This paper presents the synthesis and structural property of (K0.5Na0.5)NbO3 powders prepared directly by mechanochemical method.
2. Materials and Methods
All analytical grade chemicals used as starting materials for mechanochemical method, namely, K2CO3, Na2CO3, and Nb2O5, were purchased from Aldrich. Prior to usage, all these reagents were dried at 200°C for 2 h to remove moisture. They were mixed with desired stoichiometric composition and placed in a stainless steel vial of the planetary mill, Fritsch Pulverisette 6, with a ball-to-powder weight ratio of 35 : 1. The mechanochemical reaction was operated with rotational speed of 600 rpm for different milling times of 3, 4, 5, and 10 h. The as-milled samples were then calcined at 700, 800, 900, 950, and 1000°C. Phase identification was performed by using an X-ray powder diffractometer, Siemens D 5000 with CuKα radiation. For lattice parameter calculation, Si was used as an internal standard. A field-emission scanning electron microscope, Hitachi S 4800, an Infrared spectrometer (GX-Perkin-Elmer), and a Raman spectrometer Labram-1B (Horiba) were used to characterize the studied samples.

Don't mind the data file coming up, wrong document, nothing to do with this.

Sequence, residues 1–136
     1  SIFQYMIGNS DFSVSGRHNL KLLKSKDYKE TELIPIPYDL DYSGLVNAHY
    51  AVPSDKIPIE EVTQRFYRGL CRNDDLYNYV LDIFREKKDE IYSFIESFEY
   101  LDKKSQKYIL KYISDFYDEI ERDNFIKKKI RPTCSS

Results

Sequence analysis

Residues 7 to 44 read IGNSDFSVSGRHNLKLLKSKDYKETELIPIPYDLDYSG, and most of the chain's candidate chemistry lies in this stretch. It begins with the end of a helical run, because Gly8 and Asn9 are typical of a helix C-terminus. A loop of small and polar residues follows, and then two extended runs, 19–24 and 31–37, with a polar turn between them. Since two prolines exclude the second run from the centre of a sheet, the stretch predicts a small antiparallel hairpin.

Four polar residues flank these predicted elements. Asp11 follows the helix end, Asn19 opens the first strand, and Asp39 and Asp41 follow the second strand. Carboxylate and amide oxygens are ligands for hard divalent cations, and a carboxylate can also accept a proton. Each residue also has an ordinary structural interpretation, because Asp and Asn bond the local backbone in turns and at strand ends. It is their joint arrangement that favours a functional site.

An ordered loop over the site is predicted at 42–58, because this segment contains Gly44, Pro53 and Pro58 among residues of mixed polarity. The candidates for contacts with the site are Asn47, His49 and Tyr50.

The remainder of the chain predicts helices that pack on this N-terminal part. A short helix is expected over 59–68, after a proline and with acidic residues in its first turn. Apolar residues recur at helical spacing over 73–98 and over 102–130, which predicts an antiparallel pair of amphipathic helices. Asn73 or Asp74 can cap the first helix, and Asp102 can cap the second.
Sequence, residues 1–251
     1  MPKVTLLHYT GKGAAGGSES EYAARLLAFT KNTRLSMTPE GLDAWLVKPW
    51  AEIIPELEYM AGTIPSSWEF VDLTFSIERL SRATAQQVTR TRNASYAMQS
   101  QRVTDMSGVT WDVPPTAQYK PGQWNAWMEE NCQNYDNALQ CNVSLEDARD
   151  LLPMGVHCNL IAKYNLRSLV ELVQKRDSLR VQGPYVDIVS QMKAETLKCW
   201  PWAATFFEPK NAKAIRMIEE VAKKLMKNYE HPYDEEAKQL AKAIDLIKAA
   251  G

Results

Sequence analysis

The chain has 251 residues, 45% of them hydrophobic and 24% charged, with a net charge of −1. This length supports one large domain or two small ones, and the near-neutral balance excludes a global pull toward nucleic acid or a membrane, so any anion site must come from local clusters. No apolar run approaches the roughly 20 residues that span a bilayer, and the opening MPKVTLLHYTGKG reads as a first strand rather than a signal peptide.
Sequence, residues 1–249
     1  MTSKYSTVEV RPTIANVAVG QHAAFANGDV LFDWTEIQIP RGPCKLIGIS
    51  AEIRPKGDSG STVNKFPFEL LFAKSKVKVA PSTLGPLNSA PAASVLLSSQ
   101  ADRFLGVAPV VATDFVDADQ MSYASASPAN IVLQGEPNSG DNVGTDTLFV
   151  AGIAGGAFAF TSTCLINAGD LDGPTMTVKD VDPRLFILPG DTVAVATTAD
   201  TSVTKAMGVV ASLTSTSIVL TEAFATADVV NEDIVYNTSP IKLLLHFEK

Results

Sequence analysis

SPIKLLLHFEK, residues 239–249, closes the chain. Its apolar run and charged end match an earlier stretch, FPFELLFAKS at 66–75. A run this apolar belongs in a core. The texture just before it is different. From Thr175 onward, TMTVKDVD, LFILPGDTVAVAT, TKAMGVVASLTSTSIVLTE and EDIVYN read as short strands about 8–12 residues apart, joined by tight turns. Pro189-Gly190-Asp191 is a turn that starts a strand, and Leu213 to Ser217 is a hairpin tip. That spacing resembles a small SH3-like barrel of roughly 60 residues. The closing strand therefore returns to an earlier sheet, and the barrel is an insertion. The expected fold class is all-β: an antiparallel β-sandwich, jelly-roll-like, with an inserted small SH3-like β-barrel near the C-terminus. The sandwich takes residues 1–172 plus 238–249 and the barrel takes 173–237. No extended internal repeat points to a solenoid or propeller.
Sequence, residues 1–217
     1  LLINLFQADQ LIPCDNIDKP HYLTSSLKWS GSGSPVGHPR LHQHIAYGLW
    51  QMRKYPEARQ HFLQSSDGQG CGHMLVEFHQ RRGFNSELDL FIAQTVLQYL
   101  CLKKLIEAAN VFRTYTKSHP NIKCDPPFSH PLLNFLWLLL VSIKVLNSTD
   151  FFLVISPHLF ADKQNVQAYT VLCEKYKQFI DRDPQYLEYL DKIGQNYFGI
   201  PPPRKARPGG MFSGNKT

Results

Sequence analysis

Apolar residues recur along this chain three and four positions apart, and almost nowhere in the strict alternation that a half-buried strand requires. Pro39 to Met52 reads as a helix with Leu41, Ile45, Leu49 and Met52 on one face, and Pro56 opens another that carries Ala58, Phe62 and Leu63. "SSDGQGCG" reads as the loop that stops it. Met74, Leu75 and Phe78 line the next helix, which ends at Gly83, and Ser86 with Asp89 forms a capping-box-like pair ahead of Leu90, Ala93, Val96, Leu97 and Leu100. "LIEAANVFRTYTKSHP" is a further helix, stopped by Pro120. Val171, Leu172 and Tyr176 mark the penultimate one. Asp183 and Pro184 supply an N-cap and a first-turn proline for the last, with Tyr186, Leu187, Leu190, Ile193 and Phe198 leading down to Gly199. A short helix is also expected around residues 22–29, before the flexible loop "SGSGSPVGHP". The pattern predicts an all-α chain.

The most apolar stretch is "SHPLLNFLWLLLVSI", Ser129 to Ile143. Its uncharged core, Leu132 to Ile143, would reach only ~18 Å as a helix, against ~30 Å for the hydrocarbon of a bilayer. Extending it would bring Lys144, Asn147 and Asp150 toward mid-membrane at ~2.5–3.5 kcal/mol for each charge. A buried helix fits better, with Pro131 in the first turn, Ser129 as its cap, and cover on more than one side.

3. Results and Discussion